A Life in the American Century
“drawn from Nye’s brilliance reflected in the written word and innumerable consultations both domestic and foreign.”
In February of 1941 in Life magazine, Henry Luce, owner and publisher of Time and Life magazines, wrote an editorial calling on the United States as the most powerful nation in the world to accept an international role in what he termed “The American Century.” Luce feared a retreat into the isolation that followed World War I and remained a powerful force through the 1930s. The entry of the United States into World War II marked the beginning of the acceptance of that international role.
This is the concept referenced in the title of Joseph Nye’s brief and rich description of his career in American foreign affairs and academic life. This is also an account of a very American life story.
Joseph Nye came from a modest background in rural New Jersey. He was educated in ordinary primary and secondary schools, but nevertheless was admitted to Princeton University. In the process, he moved from a world of rural isolation to one of the best universities in the United States. This marked the beginning of a remarkable career spanning much of the American century.
The book is divided into ten chapters. The first chronicles the early years from birth through a Ford Foundation Grant to study the economic structure of post-colonial East Africa. Princeton was followed by Nye’s time as a Rhodes Scholar at Oxford and the pursuit of a graduate degree at Harvard where he studied with some of the most important scholars of international affairs in the United States, including Henry Kissinger.
In each of the remaining nine chapters, Nye spells out his careers in and out of government in the presidencies from Johnson through Biden. Nye’s various positions in the sixties included a faculty position at Harvard; six months in Guatemala to study the Central American Common Market; a return to Harvard, serving as the Carnegie Endowment International Peace Scholar in Geneva in 1968; returning to Harvard in 1969, in the midst of protest and turmoil, where he became the director of student programs.
Through it all, Nye published several books and began an intellectual relationship with Robert Keohane. The two of them are often cited as the founders of “neoliberalism” in international affairs. In 1976, they published Power and Independence, which became a standard text for international relations courses.
During the Carter Administration, Nye served in the State Department, participated in various projects at the Council of Foreign Relations, and at the Murphy Commission on the Organization of the Government for the Conduct of Foreign Policy. Nuclear proliferation and nuclear terrorism were areas of much of Nye’s work during his time at the State Department, and he was central in the development of President Carter’s policy on plutonium.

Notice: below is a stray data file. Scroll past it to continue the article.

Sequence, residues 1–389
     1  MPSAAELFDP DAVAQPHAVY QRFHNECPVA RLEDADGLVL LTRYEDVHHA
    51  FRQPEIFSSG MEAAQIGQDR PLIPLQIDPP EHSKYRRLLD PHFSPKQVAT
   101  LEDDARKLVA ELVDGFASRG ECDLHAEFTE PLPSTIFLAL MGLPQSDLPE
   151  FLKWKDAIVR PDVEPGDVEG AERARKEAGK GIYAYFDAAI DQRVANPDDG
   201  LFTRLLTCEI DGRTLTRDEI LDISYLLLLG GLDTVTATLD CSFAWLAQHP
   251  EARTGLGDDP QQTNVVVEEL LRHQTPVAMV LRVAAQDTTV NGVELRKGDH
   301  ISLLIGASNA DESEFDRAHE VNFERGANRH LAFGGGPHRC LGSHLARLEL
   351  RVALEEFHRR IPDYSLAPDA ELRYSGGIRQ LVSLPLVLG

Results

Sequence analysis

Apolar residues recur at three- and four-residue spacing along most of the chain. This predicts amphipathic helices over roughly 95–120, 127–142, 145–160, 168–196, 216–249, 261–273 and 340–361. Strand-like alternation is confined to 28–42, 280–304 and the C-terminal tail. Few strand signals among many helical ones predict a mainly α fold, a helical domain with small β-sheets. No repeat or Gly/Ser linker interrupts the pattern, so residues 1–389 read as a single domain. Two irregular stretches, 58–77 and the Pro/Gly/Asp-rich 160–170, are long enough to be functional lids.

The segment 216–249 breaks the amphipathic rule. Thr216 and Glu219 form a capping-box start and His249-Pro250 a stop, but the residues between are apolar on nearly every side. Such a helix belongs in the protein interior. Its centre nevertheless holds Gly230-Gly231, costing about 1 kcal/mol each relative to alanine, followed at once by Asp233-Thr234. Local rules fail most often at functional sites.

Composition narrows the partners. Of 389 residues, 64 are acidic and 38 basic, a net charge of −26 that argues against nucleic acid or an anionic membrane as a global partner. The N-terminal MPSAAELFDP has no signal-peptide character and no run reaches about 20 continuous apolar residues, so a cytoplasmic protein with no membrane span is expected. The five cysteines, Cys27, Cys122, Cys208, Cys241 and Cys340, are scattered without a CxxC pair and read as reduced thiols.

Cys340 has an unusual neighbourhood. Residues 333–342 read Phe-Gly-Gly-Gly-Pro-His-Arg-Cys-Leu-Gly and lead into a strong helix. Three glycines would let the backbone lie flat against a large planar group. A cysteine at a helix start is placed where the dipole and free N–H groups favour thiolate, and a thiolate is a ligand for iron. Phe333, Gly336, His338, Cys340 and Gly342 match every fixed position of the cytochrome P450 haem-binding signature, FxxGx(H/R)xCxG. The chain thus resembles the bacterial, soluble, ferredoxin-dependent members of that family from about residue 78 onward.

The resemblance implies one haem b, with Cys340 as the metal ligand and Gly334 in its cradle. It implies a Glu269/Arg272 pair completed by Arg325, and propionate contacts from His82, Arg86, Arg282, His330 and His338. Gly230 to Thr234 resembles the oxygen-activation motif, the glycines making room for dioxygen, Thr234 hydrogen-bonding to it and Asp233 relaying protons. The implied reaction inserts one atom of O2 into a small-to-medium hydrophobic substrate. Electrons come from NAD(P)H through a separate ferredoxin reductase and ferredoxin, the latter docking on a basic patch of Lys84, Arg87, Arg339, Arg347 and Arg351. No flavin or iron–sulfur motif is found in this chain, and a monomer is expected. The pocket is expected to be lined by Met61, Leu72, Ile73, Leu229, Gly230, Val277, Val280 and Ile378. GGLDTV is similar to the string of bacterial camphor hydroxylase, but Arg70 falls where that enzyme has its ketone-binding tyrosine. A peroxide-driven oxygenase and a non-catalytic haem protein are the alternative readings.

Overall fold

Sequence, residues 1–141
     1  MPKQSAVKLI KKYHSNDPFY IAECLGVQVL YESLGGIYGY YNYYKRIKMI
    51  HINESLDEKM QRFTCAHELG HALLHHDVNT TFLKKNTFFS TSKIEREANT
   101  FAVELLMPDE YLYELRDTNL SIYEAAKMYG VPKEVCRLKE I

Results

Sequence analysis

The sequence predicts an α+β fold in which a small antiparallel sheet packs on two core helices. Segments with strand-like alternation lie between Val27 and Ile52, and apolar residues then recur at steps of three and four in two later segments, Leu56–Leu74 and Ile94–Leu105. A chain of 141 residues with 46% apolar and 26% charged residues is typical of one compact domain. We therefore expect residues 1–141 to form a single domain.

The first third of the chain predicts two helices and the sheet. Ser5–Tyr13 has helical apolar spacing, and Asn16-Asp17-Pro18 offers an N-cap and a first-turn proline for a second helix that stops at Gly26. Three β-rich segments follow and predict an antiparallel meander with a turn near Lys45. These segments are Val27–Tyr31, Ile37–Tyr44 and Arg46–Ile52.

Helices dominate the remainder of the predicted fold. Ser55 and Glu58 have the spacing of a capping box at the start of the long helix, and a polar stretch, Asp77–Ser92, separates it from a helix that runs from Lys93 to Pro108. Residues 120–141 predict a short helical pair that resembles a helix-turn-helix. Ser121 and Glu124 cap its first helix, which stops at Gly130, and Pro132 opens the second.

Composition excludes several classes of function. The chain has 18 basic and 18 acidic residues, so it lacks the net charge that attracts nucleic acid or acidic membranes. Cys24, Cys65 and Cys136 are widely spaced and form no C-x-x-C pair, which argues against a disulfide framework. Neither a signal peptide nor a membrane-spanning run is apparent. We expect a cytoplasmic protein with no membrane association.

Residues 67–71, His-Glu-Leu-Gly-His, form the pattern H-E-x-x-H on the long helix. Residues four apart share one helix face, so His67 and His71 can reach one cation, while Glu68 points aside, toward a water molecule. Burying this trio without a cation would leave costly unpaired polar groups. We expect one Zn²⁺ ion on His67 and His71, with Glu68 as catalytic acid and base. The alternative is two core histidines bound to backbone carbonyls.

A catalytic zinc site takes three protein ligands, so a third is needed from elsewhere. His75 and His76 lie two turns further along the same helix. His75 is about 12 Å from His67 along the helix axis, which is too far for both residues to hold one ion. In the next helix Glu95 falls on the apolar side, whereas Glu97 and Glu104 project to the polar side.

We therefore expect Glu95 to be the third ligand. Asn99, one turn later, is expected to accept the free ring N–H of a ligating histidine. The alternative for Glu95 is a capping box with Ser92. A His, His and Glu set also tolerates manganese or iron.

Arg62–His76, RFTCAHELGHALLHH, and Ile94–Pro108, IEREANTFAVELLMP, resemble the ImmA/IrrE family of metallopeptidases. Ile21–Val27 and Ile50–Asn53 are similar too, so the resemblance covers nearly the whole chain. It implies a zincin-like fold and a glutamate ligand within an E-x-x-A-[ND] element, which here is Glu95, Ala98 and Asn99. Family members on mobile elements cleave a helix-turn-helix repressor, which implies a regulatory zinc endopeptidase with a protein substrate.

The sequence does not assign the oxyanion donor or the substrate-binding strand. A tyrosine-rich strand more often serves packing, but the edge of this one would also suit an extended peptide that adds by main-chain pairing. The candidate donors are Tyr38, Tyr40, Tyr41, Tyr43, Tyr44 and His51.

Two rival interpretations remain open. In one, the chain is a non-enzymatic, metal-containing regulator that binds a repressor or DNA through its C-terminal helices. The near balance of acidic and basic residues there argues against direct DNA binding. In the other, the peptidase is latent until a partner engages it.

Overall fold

During his time in the Carter Administration, he seemed to be in constant motion, moving from country to country: advising, consulting, and persuading at a remarkable pace. Two years of this hectic pace was enough, and so he returned to Harvard. This turned out to be the trajectory of the next three decades of service in and out of government, culminating with his appointment as the Dean of the John F. Kennedy School of Government at Harvard in the mid-1990s. Here he transformed the Kennedy School into a powerhouse institution that trained countless numbers of government servants and consultants across the globe.
Nye recounts his activities and, along the way, offers policy assessments and comments on the various politicians for whom he worked and with whom he often sparred. He continued to be a prolific publisher of books, articles, studies, and reports. He is generally credited with coining the phrase and developing the concept of “soft power” in international relations. He moved in high circles of world leaders and consulted with many government agencies across the globe. During his career, he met with nearly every significant head of state and major figures in governments, both allies and adversaries.
A sense of his involvement and the pace of his work can be seen from this short passage describing his travel schedule: “Between January 6 and February 6, 1995, I was out of the country for twenty-four days of the thirty-one days on three trips to ten different countries.”
Nye’s work has been recognized by numerous awards from government departments in the U.S. and across the world. Among these are: The Distinguished Service Award from the Defense Department, The Centennial Medal of the Graduate School of Arts at Harvard, The Distinguished Service Medal from the National Intelligence Council, and The Order of the Rising Sun given by the Emperor of Japan.
It is perhaps no surprise that a 2008 poll of several thousand international relations scholars ranked Nye as the sixth most influential scholar over the previous two decades. They ranked him as the most influential scholar on foreign policy. These sorts of recognitions became commonplace across the expanse of Nye’s career.
Joseph Nye, Jr. is a major figure in international relations and someone who influenced every significant debate on issues related to the foreign relations of the United States. As such, this book is a basic primer for more than a half century of American policy formation. Its content is drawn from Nye’s brilliance reflected in the written word and innumerable consultations both domestic and foreign. It is difficult to imagine a better place for an introduction to the study of U.S. Foreign Policy than with this impressive volume of memoir and history.